BENIN – ORE ROAD: IS NIGERIA NOT FINISHED?
Guest columnist: BY Toyosi Akerele
A while ago, I updated my Blackberry status, which read 'Is traveling now my lifestyle? Na wah o'. That was my way of expressing concern for myself on my very frequent trips to different parts of the country recently. At least, I know that in August, I spent only about eight nights at home. For the most part, I was away in other states either organizing a national youths forum in Nigerian cities to enhance the intellect and capacity of the average Nigerian young person or participating as a guest speaker on various subjects of interest somewhere else.
I am a full time young Nigerian. Passionate and progressive. Worse still, I am an upcoming Nigerian entrepreneur.
I used 'worse' because I assume we all know the hurdles and rigors of setting- up, managing and growing a sustainable enterprise in Nigeria in the face of the calamitous twin problems of power and economic instability.
It was September 9. My driver and I had set out of Lagos at exactly 10 a.m. We arrived Ore some minutes past noon. Then this turbulence erupted.
People came off the public buses they had boarded and they were trekking en-masse through the dilapidated road. Everyone called it traffic jam. I thought it was sheer madness and an undeserved punishment meted out to Nigerians by successive governments in our history.
There was ABC Transport, Chisco, Ekene Dili Chukwu, Imo Transport Company, Bob Izua Motors, Edegbe Line, Osariemen Transport, Dan Dollars, Efosa Express , my patient and happy-go-lucky Togolese driver and myself in our pitch black jeep, Mbanefo and Sons, Ifesinachi Mass Transit, Iyare Motors, branded diesel and petrol trucks, and trailers loaded with merchandise. Just all kinds of road users. We are Nigerians and of our free will with our human rights and pride tucked in our pockets, we set out of our homes to travel for different purposes on our tax constructed and maintained roads with the hope to arrive safely at our destinations.
In the heat of that afternoon, there was a red ambulance conveying a corpse and two other buses behind it on their way in a convoy most probably for the burial, but were stuck on the road for hours. So what will happen when even the dead revolts against our irresponsible leaders?
Under-age children that could be described as urchins ran after us chanting: 'Help us mummy, God will bless you mummy, appointments, promotions, mummy. Devil will not follow you, only goodness and mercy'. I was more dejected. They were looking hungry, dirty and desperate as they jumped and hung on moving vehicles, begging profusely. The most pitiful and nerve wracking of all happened at 10 p.m. when a man started approaching vehicles on the queue to beg for water for his dehydrated little two-year-old daughter to drink. I envisaged he must have bought water earlier, but none of us thought we would be on that journey that long.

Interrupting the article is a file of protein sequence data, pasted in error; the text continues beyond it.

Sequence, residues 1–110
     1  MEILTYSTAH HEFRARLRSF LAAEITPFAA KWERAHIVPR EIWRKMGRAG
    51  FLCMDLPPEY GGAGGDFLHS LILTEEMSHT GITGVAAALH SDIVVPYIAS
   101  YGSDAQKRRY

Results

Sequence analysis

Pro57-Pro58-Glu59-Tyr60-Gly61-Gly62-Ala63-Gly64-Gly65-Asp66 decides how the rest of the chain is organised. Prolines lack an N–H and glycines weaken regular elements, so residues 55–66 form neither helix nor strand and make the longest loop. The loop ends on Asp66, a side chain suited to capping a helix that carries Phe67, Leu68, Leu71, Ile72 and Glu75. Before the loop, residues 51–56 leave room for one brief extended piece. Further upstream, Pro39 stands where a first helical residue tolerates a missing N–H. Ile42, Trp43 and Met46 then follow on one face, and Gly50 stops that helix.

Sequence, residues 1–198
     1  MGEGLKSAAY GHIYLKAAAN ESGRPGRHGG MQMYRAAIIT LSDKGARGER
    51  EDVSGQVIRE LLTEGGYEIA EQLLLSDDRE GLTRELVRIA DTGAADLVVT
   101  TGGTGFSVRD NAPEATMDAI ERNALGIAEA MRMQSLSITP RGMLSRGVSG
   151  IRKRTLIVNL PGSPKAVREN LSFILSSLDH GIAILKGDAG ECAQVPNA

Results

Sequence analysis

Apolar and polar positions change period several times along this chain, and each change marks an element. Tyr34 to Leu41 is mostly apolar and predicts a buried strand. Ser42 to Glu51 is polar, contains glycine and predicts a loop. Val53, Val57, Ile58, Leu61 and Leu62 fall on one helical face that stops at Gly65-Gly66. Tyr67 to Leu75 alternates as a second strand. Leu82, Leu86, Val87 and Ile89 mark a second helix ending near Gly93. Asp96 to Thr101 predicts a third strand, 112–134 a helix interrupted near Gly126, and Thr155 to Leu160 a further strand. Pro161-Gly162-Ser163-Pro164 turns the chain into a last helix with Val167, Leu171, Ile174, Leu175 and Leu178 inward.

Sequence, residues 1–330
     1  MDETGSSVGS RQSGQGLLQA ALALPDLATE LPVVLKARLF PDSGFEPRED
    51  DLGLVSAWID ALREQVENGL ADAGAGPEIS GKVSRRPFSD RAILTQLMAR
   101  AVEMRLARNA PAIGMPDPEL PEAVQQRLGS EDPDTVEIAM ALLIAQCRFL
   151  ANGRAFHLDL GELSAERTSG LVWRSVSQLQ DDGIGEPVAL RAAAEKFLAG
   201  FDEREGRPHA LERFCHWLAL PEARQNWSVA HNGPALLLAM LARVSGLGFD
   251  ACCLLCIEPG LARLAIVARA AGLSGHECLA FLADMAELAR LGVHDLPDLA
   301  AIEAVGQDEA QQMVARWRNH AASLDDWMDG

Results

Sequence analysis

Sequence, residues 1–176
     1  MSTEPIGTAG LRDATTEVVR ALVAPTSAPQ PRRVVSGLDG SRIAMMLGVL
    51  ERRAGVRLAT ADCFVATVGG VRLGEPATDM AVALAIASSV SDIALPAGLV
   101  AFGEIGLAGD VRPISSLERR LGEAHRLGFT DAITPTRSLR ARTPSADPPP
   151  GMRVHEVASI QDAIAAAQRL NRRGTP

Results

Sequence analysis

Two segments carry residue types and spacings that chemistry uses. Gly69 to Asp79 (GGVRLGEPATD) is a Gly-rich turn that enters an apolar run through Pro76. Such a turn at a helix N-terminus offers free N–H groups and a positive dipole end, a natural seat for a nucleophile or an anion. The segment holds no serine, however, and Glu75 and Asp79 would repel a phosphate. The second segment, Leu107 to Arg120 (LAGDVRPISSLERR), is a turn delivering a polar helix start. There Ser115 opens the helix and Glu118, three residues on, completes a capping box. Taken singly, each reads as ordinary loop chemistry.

The police checkpoints were countless and their job description is mostly to stop any flashy sport car or SUV to ask for your name, your state of origin and finally, beg for money or intimidate you so they can extort money. The checkpoints between Lagos and Asaba were almost 50. So even if you were really a newly converted born again Christian who wants to adhere to the biblical 'give and it shall be given unto you', how many of them can you possibly give to?
It is even more annoying that amidst this horrendous crisis on this road, police officers at the different stops were chatting away, cocking their guns and just generally meandering. Helping to ease the traffic situation and ensuring that men of the underworld do not seize the opportunity to rob and rape female passengers was out of the question.We rode with trepidation as I hid three of my phones and held out the cheapest of them in preparation for the worst, at least, if we were harassed by robbers. It will endanger me, if I say I travel without a single handset.
I watched with utter sorrow, disgust and fury as car engines knocked, shock absorbers were damaged, tyres punctured and as radiators were overheating. People incurred expenses they did not plan for while roadside mechanics had a field day overcharging these unfortunate Benin - Ore victims.
Then network seized on all my 4 mobile phones. So I was rendered 'not available' or 'unreachable'. I almost cursed, but I knew that God has never been more interested in Nigeria as he is now. And He is ready to do again what he did with Pharaoh and his cohorts when they persecuted the children of Israel.
This is a country where governments care less about the welfare of the citizenry and wake up one morning to ban Okadas from operating without providing a viable alternative for them. I understand the rationale behind instilling discipline and sanity into our system but my worry is when it is done at the expense of the poverty stricken masses. People have to earn a living to feed their families and be deterred from becoming a menace to society.
Then, we arrived Asaba at 1.17am, since 10am when we set out of Lagos.
Abeg o, Nigerians are always seen to make pacifying statements from time to time such as 'Nigeria can be great again', 'There is no place like home', 'It took America years to firmly entrench their democracy, so Nigeria will get there'. Statements that in reality do not portend that there is hope for this country. Within the ambience of the insensitive leadership we have always had and their nonchalance , honestly, the blueprint that is laid before us suggests a very bleak future. My great Benin friend of many years whose life has inspired me so much says 'they are not touched by the infirmities of the people'. Ironically, we clamor much for our dear country without taking special note of us as 'a dear people' too forgetful that we the people are the nation.